What did dental nursing teach me about becoming a dental therapist?

dental therapist working on patientBeth Taylor explains how the experience she gained as a dental nurse helped her in a career move to become a dental therapist.

In 2012, when I was offered my first job as a trainee dental nurse, I had no idea about the fascinating world I was about to plunge headfirst into.

I, like many others, had the common misconception that the job is ‘easy’. How wrong was I?

I quickly learned that I had joined one of the most challenging and rewarding industries out there.

During my time as a dental nurse, I was lucky enough to work with a mixture of dental professionals, including many dental hygienists and therapists. Prior to this, I had little knowledge of these roles and truthfully, I was unaware of their existence.

Soon enough, inspired by the work of many excellent hygienists/therapists, I was thirsty for career progression.

After completing some post-qualifications, I decided to apply to university. Many universities focus on the academic achievements of their applications. But with a lack of science-related qualifications, my options were limited.

It was important for me to study somewhere that recognised dental nursing offers a wealth of knowledge. That it equips you for the leap of faith from dental nursing to becoming your own clinician.

I applied to Teesside, which accepts dental nursing and post-qualifications in its entry requirements.

So what did experience as a dental nurse teach me about becoming a dental therapist?

A career I love

Sadly, many students report they wished they’d picked a different degree.

Having the experience of working in the dental industry, I knew the degree I was doing was truly the career path for me.

I was able to see the good, the bad and the ugly of the profession. Working in the role for many years enabled me to make an informed decision about dental therapy as a career.

Communication is key

Whilst at university, I quickly became thankful for my time as a dental nurse. I realised it taught me how to be an excellent communicator with patients.

As a dental nurse, you learn to read the emotions of patients and develop valuable skills to help put them at ease during treatments.

This is a vital aspect of dental therapy. Our key role is to educate and motivate our patients through effective communication methods.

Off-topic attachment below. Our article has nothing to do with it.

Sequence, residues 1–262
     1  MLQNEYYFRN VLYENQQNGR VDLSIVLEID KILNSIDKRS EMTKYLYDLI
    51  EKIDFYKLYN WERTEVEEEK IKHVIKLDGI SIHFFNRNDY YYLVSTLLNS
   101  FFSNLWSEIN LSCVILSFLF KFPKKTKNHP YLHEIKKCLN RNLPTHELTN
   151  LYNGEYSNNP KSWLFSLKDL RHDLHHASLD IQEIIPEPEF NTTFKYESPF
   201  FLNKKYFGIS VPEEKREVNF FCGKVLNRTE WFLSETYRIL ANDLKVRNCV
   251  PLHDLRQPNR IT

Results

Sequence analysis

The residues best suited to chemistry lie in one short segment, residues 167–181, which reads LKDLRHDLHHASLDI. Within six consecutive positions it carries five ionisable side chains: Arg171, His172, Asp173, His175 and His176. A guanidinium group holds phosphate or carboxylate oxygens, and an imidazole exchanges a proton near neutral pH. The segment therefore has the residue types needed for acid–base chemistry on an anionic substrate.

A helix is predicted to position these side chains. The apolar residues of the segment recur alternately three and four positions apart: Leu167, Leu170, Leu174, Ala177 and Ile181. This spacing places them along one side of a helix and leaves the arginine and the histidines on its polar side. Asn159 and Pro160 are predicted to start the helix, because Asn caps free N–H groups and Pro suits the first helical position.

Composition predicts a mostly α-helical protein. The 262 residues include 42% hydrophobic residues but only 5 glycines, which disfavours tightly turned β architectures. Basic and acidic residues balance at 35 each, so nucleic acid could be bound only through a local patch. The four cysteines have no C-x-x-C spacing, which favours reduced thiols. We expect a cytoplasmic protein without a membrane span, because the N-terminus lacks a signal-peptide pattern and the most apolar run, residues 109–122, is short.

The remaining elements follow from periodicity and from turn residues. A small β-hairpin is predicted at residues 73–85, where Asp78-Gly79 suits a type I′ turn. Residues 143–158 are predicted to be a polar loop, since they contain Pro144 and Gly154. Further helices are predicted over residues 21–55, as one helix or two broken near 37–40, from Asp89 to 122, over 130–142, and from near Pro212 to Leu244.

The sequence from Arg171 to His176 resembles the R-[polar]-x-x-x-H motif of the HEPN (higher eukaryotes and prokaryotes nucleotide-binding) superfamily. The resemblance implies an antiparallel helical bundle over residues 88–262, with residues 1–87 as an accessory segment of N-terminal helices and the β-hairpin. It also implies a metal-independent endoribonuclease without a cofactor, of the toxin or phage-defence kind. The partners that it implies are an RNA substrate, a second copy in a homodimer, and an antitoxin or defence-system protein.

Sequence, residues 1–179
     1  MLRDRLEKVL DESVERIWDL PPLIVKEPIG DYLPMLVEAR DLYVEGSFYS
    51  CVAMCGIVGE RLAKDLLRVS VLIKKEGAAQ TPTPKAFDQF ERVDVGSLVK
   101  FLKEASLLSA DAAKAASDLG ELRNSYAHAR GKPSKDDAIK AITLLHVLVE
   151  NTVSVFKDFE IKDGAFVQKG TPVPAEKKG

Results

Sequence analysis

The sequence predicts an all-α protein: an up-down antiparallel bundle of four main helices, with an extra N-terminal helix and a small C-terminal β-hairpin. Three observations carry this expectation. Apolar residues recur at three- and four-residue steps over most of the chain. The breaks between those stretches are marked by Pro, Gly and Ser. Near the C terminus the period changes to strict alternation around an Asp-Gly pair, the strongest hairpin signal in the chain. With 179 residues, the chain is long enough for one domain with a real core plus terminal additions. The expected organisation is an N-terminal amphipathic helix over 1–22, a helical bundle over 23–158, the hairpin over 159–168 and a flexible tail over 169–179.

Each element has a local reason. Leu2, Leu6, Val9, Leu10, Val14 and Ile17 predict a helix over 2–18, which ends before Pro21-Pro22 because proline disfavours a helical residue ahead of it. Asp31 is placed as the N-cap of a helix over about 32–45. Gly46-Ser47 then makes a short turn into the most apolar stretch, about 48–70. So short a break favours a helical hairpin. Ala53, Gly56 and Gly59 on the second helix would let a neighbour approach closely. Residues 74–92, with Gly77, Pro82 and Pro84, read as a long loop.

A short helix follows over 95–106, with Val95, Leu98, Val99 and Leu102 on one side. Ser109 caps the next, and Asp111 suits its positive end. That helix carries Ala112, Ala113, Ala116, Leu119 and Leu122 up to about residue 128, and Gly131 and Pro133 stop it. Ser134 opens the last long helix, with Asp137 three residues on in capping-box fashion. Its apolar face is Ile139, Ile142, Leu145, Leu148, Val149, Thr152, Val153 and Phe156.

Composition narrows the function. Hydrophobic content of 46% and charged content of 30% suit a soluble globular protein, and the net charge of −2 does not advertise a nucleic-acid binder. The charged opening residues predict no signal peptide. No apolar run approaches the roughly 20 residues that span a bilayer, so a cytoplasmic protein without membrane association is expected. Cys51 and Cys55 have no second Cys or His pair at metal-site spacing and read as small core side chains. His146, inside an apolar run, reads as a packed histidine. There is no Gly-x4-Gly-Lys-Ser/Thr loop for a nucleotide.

Prior dental knowledge

Another key aspect helping me through studies was my prior dental knowledge.

My time as a dental nurse meant I had knowledge of radiography, anatomy, dental biomaterials, dental procedures and equipment that I would need for my career as a dental therapist.

I truly believe that having this knowledge, whether a qualified dental nurse or pre-reading before a degree, helped me at my university interviews and during the course.

Having said all that, some of the most caring and highly skilled clinicians I met at university had no prior dental knowledge before starting their degree. It certainly didn’t hold them back!

‘Keeping a hand in’

I so strongly believe that dental nursing added value to my university-learning. So much so that I continued to locum nurse throughout my degree.

It’s something I would recommend to all qualified dental nurses who are at university. Locum nursing allows you to gain experience in many different settings, meet new people, and maintain your valuable knowledge and skills.

I was even lucky enough for one of the practices I did one-day locum dental nursing for to offer me my first role as a dental therapist!

The importance of joining an association

Finally, one of the biggest things dental nursing taught me about becoming a dental therapist, is the importance of joining an association.

I was a member of the BADN as a dental nurse, and a student member of both the BADT and BSDHT as a student therapist. The work these associations do to gain recognition and progression for our profession is outstanding. They have done remarkable things for dental hygienists and therapists in the UK. They also provide a gateway to creating a professional support network. I believe they’re worth their weight in gold.

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